Me Too

Unless you’ve been living under a rock, you’ve probably heard of the Me Too campaign to speak out about sexual harassment and assault. Its primary purpose is to raise awareness about the magnitude of the problem. And I think that’s an excellent concept. But here’s the dirty little secret that most people don’t care to admit:

We already knew.

I mean, come on, people. Stop acting so surprised. I’m a 52 year old woman, and every single female friend I have has been physically, verbally or emotionally abused at some point in her life. Every. Single. One. And every single one of them can say the same thing about every single one of their friends. So, you do the math. This is a violent, brutal society. We just don’t want to think, talk, or do anything about it.

I’m glad this campaign has opened up a dialogue. But I think the more pertinent question would be, why have we all known this all along and taken no action? Because we do know this. You do. I do. Every-freaking-body does.

The time has come to stop letting the people who benefit from this silence have their way. Don’t let them get away with their evil abuses. Shine a light on these cockroaches. Speak loudly and often and don’t shut up. Because it’s not okay. It never has been, and it never will be okay.

I’m telling you, we are legion. And when an entire legion turns around and decides to fight back, it’s a formidable thing. You would be wise to stop poking this she-bear.

So, for the guy who groped me on the subway, the coworker who retaliated against me when I asked my supervisor to take his swimsuit edition calendar down, the coworker who had a coffee mug in the shape of a woman’s breasts, the doctor who told me my breasts reminded me of his girlfriend in college, the ex-brother-in-law who liked to “accidentally” be nude in my presence, every single stranger who called me “honey” or “sweetie” or “darling”, the uncle who used to humiliate me about my developing body during puberty, the boss who placed a soap dispenser shaped like male genitalia in the bathroom, the coworker who delighted in making me feel weak so he could feel strong, the supervisor who permanently assigned me to scraping dirty dishes because I wouldn’t go out with him, the coworker who “accidentally” rubbed up against me in an area where there was plenty of room, every construction worker who whistled as I walked past, the bridgetender who always groaned suggestively when he saw a woman in a bikini float past, the supervisor who just the other day said I had too strong of a personality, the old man who touched my leg as some warped thank you for giving him a ride home, the stepfather who sexually abused me and the guy who raped me…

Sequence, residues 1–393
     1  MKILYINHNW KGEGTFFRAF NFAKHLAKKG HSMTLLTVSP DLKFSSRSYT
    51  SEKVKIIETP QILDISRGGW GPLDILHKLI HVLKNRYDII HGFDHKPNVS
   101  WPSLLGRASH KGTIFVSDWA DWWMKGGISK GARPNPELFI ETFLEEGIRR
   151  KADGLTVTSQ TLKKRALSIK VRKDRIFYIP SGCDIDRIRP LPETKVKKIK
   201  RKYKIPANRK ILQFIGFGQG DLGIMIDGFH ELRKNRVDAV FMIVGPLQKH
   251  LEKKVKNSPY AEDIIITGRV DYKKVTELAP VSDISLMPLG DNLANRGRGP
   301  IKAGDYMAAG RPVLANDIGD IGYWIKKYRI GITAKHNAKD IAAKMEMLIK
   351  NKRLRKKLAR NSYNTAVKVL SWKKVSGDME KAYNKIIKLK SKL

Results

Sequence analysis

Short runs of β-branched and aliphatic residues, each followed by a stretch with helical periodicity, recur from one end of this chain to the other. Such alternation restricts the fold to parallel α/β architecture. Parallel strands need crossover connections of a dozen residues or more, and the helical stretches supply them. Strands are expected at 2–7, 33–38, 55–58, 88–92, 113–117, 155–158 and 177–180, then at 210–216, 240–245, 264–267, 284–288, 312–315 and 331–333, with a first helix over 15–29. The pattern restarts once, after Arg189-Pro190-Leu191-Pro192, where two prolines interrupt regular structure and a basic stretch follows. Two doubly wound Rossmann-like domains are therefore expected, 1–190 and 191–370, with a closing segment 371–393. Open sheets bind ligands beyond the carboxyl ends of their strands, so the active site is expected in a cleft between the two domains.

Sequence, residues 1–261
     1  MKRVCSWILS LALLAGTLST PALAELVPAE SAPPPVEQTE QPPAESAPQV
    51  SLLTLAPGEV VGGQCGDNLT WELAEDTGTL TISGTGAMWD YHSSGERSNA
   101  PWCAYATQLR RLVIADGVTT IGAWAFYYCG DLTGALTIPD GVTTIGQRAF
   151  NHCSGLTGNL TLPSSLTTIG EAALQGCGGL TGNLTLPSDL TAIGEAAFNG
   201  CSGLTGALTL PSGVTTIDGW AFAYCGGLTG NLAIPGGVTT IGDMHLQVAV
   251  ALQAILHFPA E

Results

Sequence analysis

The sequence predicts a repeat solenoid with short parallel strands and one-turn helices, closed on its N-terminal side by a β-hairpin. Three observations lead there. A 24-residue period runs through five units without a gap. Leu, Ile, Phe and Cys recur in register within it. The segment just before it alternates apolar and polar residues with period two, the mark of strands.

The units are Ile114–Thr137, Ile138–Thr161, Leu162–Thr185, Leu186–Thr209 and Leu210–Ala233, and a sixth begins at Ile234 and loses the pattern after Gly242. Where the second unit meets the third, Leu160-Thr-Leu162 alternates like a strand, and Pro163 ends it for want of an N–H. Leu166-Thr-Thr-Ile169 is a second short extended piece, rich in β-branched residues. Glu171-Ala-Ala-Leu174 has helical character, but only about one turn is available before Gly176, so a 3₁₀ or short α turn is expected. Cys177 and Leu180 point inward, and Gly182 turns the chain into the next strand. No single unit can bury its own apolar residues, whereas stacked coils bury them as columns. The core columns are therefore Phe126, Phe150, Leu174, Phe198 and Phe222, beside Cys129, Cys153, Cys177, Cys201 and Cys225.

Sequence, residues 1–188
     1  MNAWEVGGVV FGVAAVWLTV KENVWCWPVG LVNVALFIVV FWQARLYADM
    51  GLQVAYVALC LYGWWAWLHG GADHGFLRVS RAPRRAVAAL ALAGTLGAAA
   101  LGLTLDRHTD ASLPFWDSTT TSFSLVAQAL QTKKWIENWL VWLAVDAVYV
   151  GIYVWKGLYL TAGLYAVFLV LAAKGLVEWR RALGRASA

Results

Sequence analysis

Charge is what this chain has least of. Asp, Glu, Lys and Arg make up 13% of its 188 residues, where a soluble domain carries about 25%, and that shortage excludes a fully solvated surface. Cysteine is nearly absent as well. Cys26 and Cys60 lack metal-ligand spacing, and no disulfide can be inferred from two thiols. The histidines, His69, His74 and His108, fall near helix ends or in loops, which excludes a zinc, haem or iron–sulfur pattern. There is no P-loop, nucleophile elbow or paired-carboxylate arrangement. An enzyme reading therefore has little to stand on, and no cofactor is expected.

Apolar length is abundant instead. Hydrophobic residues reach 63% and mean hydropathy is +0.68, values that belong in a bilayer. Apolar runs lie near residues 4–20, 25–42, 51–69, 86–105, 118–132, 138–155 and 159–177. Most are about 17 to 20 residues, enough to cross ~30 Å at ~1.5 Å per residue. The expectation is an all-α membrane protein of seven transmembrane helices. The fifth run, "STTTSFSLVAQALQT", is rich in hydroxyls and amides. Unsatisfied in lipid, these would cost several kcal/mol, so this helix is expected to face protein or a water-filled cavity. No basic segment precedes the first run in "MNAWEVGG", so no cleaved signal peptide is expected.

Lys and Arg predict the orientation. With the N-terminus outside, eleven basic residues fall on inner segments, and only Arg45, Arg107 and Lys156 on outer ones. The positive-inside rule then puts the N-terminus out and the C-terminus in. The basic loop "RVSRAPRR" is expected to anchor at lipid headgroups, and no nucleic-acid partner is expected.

I am the rule, not the exception. And you have run out of excuses.

Me too. Me too. Me too.

Me_Too_(single)_logo

A big thanks to StoryCorps for inspiring this blog and my first book. http://amzn.to/2mlPVh5

6 thoughts on “Me Too

  1. lyn sutton

    I’ve a long list too. At first, when these abuses began to accumulate, I thought no one would believe me. I tried to write about it but it sounded like a work of exaggerated fiction because I hadn’t heard others claiming so many offenses. The few that did were quickly shamed, discredited, or worse. As a teenager, working in a crisis center, I learned that we were many but fear kept most silent in their anonymity. I’ve fought back but without support the consequences are sometimes worse than the initial abuse.Though I’ve been victimized, by the very system that’s supposed to defend us, I’ll continue to speak up. I won’t be shamed or intimidated into silence because I know, with our legion of voices together, none of us have to face this alone anymore. I hope the perpetrators are paying attention. You are out numbered!

    1. And some of these guys think, “Well, I only did one little thing to her. One whistle. One bad comment. No big deal.” But they don’t realize that these things mount up, and we get so many of them, that each “tiny” thing is like a knife wound.

  2. Carole Lewis

    We, Mothers, Daughters, Sisters must teach our children, both sons and daughters that this has got to stop. It begins at a very young age. Daddy’s and Grandpa’ teasing, ” Are you a little girl or a boy”. “OOOO you are so cute I could yum, yum eat you up.” Older… hand gently placed on the shoulder, slowly slides down the arm. Maybe, he gets too close and brushes up against you. Are you sure? It felt a little weird, but you don’t want to say anything, you don’t want anyone to get in trouble. Older still, He tells an off color joke, and you are uncomfortable, but don’t want to appear naïve, so you nervously twitter or smile. Even at 75, the comments come. In many cases the words are followed by unwelcomed physical advances. It never leaves the mind, the fear is always there.

    “Me too” must become our mantra. Our Sons also suffer. And we must prepare them as well. Your body and your mind is yours alone. Accept only what you want and shout it out what you do not.

    From this day forward…Onward and upward into the future, free to be ME TOO!

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